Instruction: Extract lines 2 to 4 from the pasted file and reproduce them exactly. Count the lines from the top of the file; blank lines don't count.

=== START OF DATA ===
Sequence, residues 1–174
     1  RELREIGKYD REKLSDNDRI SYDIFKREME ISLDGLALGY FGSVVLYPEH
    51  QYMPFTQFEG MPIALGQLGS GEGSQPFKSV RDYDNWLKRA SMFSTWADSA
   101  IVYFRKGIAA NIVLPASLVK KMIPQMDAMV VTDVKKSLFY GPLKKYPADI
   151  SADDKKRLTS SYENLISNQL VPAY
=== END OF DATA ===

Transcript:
     1  RELREIGKYD REKLSDNDRI SYDIFKREME ISLDGLALGY FGSVVLYPEH
    51  QYMPFTQFEG MPIALGQLGS GEGSQPFKSV RDYDNWLKRA SMFSTWADSA
   101  IVYFRKGIAA NIVLPASLVK KMIPQMDAMV VTDVKKSLFY GPLKKYPADI